In 2013, the Department of Justice (DOJ) and the FBI, in collaboration with the Innocence Project and the National Association of Criminal Defense Lawyers (NACDL), announced they would conduct a comprehensive review of cases before 2000 in which FBI laboratory reports and testimony included scientifically invalid statements regarding microscopic hair comparison analysis. The FBI and the DOJ agreed to undertake the review in 2012 after DNA testing exonerated three men who had been wrongly convicted based at least in part on erroneous hair testimony from three different FBI examiners.
Initial results from the review found that over 90 percent of the reports or testimony given by the FBI contained erroneous statements. As a result, the FBI notified state governors and crime labs across the country about its concerns, suggesting that all cases involving such evidence be subject to review.
Upon notification from the FBI, the Arizona Forensic Science Advisory Committee took action and formed a hair review task force to examine Arizona cases where hair testimony contributed to the conviction. The task force includes a diversity of criminal justice representatives from the attorney general’s office, the Department of Public Safety, the Phoenix police crime lab, the nonprofit Arizona Justice Project and the Sandra Day O’Connor College of Law at Arizona State University’s Post-Conviction Clinic.
Because the task force anticipated the review would require a significant amount of time and resources, it applied for, and was recently awarded, a National Institute of Justice grant for nearly $500,000. The project, which began in May and will last for two years, will require documenting the results of the review, recording any resulting exonerations and suggesting policy changes.
“This review is extremely important to be sure there are no innocent people in prison and to ensure criminal defendants receive a fair trial.”
“We know today that we can’t make an absolute identification looking at hairs under a microscope,” Katherine Puzauskas, legal supervising attorney for Arizona State University Law’s Post-Conviction Clinic, told ASU Now. “But forensic analysts, back before we had the benefit of DNA testing, I think they felt more sure in their results than we do today.”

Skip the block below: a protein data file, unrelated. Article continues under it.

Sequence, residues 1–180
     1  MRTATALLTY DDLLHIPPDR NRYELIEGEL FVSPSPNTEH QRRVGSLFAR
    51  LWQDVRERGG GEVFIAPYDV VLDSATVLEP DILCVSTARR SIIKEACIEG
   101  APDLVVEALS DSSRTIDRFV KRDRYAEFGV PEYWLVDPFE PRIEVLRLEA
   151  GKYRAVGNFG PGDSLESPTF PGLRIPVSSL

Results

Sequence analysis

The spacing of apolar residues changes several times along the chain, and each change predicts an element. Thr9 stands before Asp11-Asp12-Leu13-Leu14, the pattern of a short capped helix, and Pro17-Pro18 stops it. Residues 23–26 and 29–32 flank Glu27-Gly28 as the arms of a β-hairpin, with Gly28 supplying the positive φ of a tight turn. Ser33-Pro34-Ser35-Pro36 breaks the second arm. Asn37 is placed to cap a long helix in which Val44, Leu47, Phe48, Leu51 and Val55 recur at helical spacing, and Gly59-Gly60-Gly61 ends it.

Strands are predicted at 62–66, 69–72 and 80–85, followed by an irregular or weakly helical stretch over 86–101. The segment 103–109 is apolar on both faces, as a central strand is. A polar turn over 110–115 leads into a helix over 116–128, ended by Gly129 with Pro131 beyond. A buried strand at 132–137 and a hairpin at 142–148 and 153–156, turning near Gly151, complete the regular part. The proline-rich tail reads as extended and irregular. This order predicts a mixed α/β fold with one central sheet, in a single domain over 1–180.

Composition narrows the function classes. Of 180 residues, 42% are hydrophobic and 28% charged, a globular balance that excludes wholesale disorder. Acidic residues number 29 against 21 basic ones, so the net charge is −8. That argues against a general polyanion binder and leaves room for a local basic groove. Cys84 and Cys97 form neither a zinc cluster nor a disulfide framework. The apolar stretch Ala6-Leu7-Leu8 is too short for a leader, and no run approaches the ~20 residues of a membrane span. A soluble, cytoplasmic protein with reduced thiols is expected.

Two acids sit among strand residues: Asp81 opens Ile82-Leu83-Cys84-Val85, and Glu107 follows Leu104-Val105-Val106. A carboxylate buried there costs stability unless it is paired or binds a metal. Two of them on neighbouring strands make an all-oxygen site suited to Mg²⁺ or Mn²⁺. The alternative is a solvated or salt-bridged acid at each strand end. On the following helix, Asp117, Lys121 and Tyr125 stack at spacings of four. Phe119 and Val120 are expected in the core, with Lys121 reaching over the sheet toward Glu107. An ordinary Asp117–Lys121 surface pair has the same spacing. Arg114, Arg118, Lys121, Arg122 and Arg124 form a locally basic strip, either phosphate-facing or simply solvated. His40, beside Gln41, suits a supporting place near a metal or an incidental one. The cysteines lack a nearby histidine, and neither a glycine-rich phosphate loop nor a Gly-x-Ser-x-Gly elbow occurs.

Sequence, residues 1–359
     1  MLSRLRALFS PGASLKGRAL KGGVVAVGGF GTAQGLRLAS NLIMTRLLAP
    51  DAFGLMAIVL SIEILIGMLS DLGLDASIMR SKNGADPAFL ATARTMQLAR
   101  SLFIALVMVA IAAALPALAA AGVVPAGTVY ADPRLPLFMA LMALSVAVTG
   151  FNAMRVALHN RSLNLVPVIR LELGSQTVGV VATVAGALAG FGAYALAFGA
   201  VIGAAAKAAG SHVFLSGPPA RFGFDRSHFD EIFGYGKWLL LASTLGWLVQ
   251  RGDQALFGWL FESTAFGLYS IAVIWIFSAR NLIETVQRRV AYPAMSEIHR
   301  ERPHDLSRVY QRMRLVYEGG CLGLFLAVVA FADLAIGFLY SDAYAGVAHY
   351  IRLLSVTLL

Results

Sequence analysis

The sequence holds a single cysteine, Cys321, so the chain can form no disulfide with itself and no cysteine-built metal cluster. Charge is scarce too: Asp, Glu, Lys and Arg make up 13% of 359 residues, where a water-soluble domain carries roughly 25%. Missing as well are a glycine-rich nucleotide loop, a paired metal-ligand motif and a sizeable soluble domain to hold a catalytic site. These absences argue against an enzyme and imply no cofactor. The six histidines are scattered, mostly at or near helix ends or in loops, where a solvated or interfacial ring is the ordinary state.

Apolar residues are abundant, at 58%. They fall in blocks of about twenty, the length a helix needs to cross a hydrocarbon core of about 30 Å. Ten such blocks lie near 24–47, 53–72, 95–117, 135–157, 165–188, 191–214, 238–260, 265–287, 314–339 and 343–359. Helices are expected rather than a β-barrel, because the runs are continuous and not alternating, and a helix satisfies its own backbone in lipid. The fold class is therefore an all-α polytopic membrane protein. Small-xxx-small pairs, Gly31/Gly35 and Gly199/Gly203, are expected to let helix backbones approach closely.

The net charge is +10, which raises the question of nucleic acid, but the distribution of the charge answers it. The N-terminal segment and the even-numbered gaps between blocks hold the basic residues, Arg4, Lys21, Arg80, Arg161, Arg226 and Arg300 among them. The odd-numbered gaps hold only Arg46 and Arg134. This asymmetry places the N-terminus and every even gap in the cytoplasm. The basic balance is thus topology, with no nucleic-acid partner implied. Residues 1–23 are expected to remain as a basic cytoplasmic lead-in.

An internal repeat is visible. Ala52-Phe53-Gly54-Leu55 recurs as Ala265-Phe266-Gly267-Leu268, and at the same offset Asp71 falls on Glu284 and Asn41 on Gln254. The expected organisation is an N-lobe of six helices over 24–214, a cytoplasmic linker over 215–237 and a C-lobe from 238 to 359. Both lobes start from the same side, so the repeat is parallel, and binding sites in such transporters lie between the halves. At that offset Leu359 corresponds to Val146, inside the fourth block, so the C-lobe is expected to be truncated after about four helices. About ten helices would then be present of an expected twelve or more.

“Without funding, we would not be able to do this systematic review of cases in Arizona. This review is extremely important to be sure there are no innocent people in prison and to ensure criminal defendants receive a fair trial,” said Puzauskas.
The review project is notable because all sides—including defense attorneys, district attorney’s offices and crime labs—are working together to help exonerate those who were convicted based on erroneous hair testimony.
The crime lab’s role is especially significant because it took the first step to identify the pool of cases where hair microscopy was used over the last 30 years. Lindsay Herf, executive director of the Arizona Justice Project, explains, “There have been thousands and thousands of convictions in Arizona, dating back to when hair microscopy was used, but we have no idea which defendants and which cases those are without the help of the crime labs going through their cases and telling us the ones that they have, or at least have a record of.”
The creation of Arizona’s hair task force exemplifies how criminal justice efforts are most effective when diverse stakeholders work together to achieve the same goal. Collaborative efforts like this provide an opportunity to learn from past errors, improve practices moving forward and support stakeholders as they carry out their ethical duties to correct and notify.